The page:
We’re No Longer Passive Spectators of Natural Wonder

Fire of Love, 2022, dir. Sara Dosa. Courtesy Image'Est/National Geographic

The recent documentary Fire of Love is the latest in a line of works charting our fixation with – and co-option of – the volatile natural world

In the 1970s and 80s, the French couple Katia and Maurice Krafft were as famous – and as media-savvy – as other scientist-explorers Jacques Cousteau and Carl Sagan, making films that attempted to get to the hearts of volcanoes all over the world, from Iceland to Indonesia. Fire of Love (2022), directed by Sara Dosa and narrated by Miranda July, is constructed almost entirely from archival footage shot by the volcanologists as they raced from one erupting volcano to the next. This is science as spectacle, as choreography. With their rivers of flaming orange lava, the so-called ‘red’ volcanoes are more photogenic than the ‘grey’ ones. But the latter are far deadlier, emitting plumes of asphyxiating dust and toxic gas. The volcanic association with death is inevitable; we know the ability of lava and ash to kill, to freeze-frame life in places such as Pompeii, and we’re told at the start of the film that the Kraffts will pay for their obsession with their lives.

Fire of Love, 2022, dir. Sara Dosa. Courtesy Image’Est/National Geographic

Although the ostensible reason for the Kraffts’ expeditions was their scientific desire to discover just what triggers a volcano, there is little actual science in this documentary. Rather, we’re repeatedly made aware of the tremendous physical effort that is required to travel to volcanoes: we watch the couple hike across rivers of just-set lava, mud or ash, pushing broken-down cars across iced-over slopes, and setting up their tents in newly-formed and still-smoking craters. These shots of the Kraffts’ struggles are contrasted with those of volcanoes spouting lava high into the air and emitting vast clouds that resemble those caused by atomic bombs. Larger-than-life spectacle is juxtaposed with larger-than-life characters; the couple appear fearless and comfortably acknowledge the lethal risk of their work. Perhaps they had a death wish, and in the end that wish was fulfilled when they visited the Unzen volcano in Japan in 1991.

Casper David Friedrich, Wanderer Above a Sea of Fog, 1818

Recurring shots of the Kraffts silhouetted against backdrops of volcanoes have a similar visual composition to Casper David Friedrich’s Wanderer Above a Sea of Fog (1818); this ubiquitous image – of the archetypal romantic encounter between the lone explorer and a vast, inhospitable landscape – was painted soon after the so-called ‘year without a summer’ caused by the eruption of Mount Tambora in Indonesia that led to global agricultural failure and subsequent famines. A reaction to the Industrial Revolution and the concomitant rise of science, the Romantic movement developed into an insistent reminder that human emotion is as valid a response to the natural world as measuring instruments and devices. But Romanticism itself was eventually co-opted by scientific expeditions in their use of photographs and moving images to show researchers struggling against the awe and might of the indifferent planet. The leaders of so-called ‘Heroic era’ British Antarctic exploration in the early twentieth century relied on science to justify their expeditions, and also used images of men struggling over the vast inhospitable landscapes of ice and snow to raise publicity. When Shackleton planned his 1914 expedition group he cannily included the photographer Frank Hurley, accurately assuming that the subsequent film footage would help boost the interest of the public – and their willingness to contribute money. Hurley’s film South (1919) showing the ship Endurance dramatically crushed by pack ice as Shackleton and his team played football was indeed enormously popular with post-WWI audiences.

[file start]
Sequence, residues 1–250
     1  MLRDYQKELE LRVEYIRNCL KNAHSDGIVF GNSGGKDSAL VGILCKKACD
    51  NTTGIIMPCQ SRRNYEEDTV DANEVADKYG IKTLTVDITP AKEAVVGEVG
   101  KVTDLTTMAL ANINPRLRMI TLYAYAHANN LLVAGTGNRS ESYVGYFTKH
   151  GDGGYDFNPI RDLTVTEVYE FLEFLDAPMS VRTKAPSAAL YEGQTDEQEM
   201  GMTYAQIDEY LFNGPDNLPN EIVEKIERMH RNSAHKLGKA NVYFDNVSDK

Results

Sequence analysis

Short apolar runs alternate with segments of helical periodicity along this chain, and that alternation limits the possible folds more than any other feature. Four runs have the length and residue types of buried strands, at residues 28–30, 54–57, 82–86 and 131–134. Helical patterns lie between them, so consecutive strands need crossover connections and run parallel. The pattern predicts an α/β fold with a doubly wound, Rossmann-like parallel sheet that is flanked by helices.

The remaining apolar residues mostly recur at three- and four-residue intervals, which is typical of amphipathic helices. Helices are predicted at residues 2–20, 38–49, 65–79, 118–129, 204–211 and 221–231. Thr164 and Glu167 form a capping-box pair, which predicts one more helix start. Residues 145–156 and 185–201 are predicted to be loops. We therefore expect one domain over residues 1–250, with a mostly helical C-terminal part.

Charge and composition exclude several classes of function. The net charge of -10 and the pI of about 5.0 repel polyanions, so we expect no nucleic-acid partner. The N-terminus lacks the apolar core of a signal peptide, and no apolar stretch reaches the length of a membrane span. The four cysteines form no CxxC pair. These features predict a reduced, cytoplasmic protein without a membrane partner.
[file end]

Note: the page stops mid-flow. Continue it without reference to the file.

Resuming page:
South, 1919, dir. Frank Hurley © Frank Hurley/Courtesy the Ralls Collection

In a documentary that sometimes struggles to differentiate one volcano from another, the turning point of Fire of Love is the 1985 Nevado del Ruiz tragedy. Although the Columbian Government had been warned by scientists about the impending eruption just weeks beforehand, they failed to pass on these warnings – 23,000 people died in mudflows and landslides caused by the volcano. After this, the Kraffts seemed to move towards a more collaborative approach to their work, helping to develop early warning systems that were practical to implement.

It feels appropriate that Fire of Love is made from archival footage, inspiring a nostalgia for the way that the natural world was presented decades ago. (And the fixation is set to continue, with the recent news of Werner Herzog’s forthcoming documentary, The Fire Within: A Requiem for Katia and Maurice Krafft.) Images of awesome nature still grab our attention but our relationship with the planet is increasingly complex: we can no longer pretend that we’re simply passive spectators of natural wonder; we have somewhere along the line become active agents. Who wants to watch a forest fire shooting flames high into the sky or a river bursting its banks, in the knowledge that these spectacles are caused by the climate catastrophe? Our relationship with what we see in the natural world has been irrevocably altered as we fully understand the effects of the Industrial Revolution. In turn, the requirement for awe and vastness, and a more straightforward emotional response is now satisfied by images from outer space; a region still (largely) untouched by humans. And perhaps the most touching image in Fire of Love is small-scale, a close-up of a human hand gently caressing the earth.

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